For years, chia has been famous for its ability to sprout out of ceramic containers shaped like pets or farm animals. In just days, the seeds grow and simulate a furry coat or hair.

The truth is, chia is remarkable, and not just for its ability to grow quickly. Produced by the Salvia hispanica plant, the tiny seeds are low in sugar and starch, high in water-soluble fiber and quality protein, and a concentrated source of Omega-3 fatty acids. They provide multiple health benefits, and protect virtually every area of a horse’s body.


The perfect whole food for horses is living, healthy grass. It offers a variety of nutrients, but its fat content is especially worth noting. It contains the two necessary fatty acids – alpha linolenic acid (ALA), an Omega-3, and linoleic acid, an Omega-6 – in their proper balance, with four times more ALA than linoleic acid.

Without access to fresh grass, horses rely on supplemented fat. Unfortunately, the fat added to most feeds comes from “vegetable oil” (another term for soybean oil), which is very high in Omega- 6s. Too many Omega-6s increase inflammation. The high levels of Omega-3s found in chia seeds have the opposite effect – they decrease inflammation. In fact, chia seeds benefit horses in a variety of ways by:

  • Lowering circulating insulin and glucose
  • Balancing immune function
  • Protecting joints and ligaments
  • Reducing pain
  • Decreasing nervousness
  • Improving heart and blood vessel integrity
  • Reducing allergic reactions to insect bites
  • Diminishing respiratory inflammation
  • Supporting normal gastrointestinal function
  • Maintaining hair and hoof health
  • Healing damaged skin
  • Hydrating intestinal contents



Chia seeds contain approximately 20% quality protein. This boosts the amino acid variety available to horses, enhancing protein production throughout the body in muscles, bones, joints, skin, hooves, lungs, liver, kidneys and blood, as well as those areas that aid in digestion, immune function, water balance and nutrient transport.

Mucilages, gums and pectin are water-soluble fibers found in chia seeds, and form a gel in water. This significantly benefits horses in two ways:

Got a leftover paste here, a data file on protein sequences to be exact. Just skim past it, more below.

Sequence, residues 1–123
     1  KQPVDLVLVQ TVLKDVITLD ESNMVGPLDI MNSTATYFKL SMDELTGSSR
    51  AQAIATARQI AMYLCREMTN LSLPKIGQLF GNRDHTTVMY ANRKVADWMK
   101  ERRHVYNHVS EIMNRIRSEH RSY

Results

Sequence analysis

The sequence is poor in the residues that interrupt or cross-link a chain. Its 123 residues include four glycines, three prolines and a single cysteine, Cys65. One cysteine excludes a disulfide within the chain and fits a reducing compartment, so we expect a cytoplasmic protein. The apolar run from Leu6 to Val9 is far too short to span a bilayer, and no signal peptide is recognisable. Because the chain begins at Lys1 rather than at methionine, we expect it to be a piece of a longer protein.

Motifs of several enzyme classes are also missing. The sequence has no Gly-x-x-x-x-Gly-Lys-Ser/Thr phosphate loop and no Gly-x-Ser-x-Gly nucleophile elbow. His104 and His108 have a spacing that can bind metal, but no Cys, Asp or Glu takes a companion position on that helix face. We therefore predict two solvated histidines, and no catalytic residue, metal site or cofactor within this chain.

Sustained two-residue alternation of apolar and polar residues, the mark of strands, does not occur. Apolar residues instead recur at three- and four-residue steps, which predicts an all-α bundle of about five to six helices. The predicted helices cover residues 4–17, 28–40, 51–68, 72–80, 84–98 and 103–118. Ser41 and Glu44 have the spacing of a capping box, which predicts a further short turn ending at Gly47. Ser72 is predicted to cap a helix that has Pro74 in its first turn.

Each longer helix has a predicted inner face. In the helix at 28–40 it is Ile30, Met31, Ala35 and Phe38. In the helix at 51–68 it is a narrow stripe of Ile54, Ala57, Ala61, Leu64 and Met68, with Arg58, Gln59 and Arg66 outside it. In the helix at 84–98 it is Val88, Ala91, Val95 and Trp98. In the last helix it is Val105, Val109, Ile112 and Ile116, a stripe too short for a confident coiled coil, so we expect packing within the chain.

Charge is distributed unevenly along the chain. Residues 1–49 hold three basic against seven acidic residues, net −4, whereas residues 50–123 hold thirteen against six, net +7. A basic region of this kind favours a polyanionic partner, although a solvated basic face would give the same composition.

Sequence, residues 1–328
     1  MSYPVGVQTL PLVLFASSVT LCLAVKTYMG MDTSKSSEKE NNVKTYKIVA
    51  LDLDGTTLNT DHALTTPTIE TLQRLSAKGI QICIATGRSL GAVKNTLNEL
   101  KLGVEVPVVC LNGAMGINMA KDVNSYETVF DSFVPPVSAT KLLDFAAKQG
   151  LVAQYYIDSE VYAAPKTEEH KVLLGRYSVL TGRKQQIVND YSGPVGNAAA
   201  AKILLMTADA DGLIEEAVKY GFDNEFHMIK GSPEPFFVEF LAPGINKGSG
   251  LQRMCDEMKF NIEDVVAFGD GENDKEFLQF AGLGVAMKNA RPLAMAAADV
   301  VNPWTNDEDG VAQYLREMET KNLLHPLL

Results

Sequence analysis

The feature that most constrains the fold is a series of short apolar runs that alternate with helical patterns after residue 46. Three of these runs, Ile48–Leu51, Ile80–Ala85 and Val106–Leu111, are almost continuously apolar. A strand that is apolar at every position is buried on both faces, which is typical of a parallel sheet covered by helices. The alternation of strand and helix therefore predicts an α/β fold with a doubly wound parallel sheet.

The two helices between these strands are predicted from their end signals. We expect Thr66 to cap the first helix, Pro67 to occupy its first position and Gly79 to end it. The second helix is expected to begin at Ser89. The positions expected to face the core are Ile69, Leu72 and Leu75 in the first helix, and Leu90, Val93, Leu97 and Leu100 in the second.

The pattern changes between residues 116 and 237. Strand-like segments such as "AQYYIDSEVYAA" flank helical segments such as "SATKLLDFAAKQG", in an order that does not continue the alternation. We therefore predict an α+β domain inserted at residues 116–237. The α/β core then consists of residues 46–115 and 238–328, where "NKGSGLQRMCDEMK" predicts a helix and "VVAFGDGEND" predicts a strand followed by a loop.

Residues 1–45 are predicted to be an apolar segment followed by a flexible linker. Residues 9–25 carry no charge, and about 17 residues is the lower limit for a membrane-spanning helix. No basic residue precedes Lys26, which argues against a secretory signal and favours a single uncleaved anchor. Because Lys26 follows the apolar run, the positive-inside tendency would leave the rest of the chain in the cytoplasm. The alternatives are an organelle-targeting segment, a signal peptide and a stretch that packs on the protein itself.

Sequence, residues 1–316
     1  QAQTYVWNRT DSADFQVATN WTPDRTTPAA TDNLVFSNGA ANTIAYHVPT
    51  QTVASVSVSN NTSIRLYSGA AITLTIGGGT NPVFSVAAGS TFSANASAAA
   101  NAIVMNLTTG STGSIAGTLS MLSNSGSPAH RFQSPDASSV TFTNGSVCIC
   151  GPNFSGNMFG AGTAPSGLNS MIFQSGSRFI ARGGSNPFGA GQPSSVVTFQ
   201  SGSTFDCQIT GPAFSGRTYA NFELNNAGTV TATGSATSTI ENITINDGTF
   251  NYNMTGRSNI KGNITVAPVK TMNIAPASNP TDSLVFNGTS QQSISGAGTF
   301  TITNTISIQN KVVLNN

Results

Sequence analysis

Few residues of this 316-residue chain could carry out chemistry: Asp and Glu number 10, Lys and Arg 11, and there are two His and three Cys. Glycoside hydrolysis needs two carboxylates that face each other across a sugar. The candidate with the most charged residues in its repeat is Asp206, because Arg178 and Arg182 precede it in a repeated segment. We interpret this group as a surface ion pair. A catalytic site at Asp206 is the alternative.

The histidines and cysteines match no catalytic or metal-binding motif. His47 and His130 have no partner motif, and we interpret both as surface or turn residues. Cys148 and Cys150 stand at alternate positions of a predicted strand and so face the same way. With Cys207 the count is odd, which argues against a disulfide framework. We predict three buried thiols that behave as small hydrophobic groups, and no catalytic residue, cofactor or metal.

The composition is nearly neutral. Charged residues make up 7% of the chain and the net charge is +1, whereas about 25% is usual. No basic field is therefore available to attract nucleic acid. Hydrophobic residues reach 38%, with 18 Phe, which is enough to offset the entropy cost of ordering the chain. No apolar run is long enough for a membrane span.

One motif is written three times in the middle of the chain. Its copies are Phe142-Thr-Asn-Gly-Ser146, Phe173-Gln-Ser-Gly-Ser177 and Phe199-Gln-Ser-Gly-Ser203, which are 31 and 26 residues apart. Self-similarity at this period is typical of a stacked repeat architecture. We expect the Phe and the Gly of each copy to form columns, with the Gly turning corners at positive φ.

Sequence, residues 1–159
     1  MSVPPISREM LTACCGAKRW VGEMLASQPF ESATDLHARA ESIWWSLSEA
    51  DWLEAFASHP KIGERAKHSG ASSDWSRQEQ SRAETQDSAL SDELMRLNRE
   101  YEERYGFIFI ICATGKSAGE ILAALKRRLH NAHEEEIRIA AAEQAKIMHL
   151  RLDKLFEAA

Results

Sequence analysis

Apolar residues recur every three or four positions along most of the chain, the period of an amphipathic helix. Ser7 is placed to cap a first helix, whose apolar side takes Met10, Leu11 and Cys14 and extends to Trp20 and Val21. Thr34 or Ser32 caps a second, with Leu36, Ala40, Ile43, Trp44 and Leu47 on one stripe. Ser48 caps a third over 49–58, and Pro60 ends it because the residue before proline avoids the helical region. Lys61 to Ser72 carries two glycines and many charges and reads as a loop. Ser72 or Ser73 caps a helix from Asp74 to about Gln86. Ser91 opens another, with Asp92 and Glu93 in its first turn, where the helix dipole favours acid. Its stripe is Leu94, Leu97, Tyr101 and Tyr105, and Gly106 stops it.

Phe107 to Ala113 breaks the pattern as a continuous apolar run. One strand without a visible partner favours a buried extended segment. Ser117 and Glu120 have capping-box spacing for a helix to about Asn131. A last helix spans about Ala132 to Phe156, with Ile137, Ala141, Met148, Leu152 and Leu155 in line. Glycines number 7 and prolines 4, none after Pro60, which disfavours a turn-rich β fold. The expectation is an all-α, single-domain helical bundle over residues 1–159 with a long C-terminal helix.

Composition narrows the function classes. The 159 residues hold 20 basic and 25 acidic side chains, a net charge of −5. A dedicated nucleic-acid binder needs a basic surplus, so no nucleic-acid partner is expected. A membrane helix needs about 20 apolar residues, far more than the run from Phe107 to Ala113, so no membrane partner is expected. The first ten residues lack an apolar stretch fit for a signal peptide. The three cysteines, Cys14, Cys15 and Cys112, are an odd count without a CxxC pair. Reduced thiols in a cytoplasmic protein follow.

1. It lowers circulating insulin by reducing glucose absorption.
  2. It reduces the incidence of sand colic by facilitating sand removal from the cecum.



Antioxidants known as chlorogenic acid, caffeic acid, myricetin and quercetin naturally occur within chia seeds and protect their fatty acids from rancidity. They neutralize damaging free radicals, thereby reducing pain, inflammation and vulnerability toward disease.


Horses suffering from insulin resistance (metabolic syndrome) or equine Cushing’s disease (otherwise known as pituitary pars intermedia dysfunction – PPID) require a diet low in non-structural carbohydrates (NSC). Chia seeds support this diet. They are low in NSC (less than 5%). Even more dramatic is their ability to enhance insulin sensitivity i because of their high Omega-3 content, offering a critical component in the fight to prevent laminitis. ii

PPID affects many horses as they age, and is generally due to the oxidative stress caused by exposure to mental and physical challenges, chemicals in the environment, and a diet low in antioxidants. Free radicals target dopamine-releasing neurons in the brain, leading to the onset of PPID. The Omega-3s and antioxidants offered by chia seeds reduce free radical formation, thereby counteracting the propensity toward, and severity of, the disease. iii


Both chia and flax are high in Omega-3 fatty acids and can be fed interchangeably for this purpose. In fact, flax has slightly more Omega-3s than chia, with an Omega-3 to 6 ratio closer to that found in pasture grasses (see table).

However, chia does not require grinding and therefore has a longer shelf life (since grinding exposes the unsaturated fatty acids to oxygen). Chia, unlike flax, does not contain phytoestrogens, which can cause fertility problems as well as alter behavior.



Feed ½ cup (120 ml) per 1,100 lb (500 kg horse) as a maintenance dose. Higher amounts may be helpful for healing purposes, but should not exceed two cups per day. Chia seeds may be fed dry, top-dressed on a meal, or soaked ahead of time and mixed in with other ingredients.


Ponies, minis, donkeys and mules cannot tolerate high levels of fat like horses can. They are genetically predisposed to insulin resistance, which is exacerbated by obesity. Therefore, high fat and protein feeds such as chia seeds should be fed at a reduced level. Approximately one third the amount normally fed to horses (adjusted for size) will give them the Omega-3s they need. Donkeys and mules require less protein, since they have the ability to recycle up to 80% of the urea created during protein metabolism.


Including chia seeds in the diet is an excellent way to enhance health. They are easy to feed, have a long shelf life and horses love the taste. More importantly, they bring healing to inflammatory conditions, allergies and illnesses, calming every cell within a horse’s body.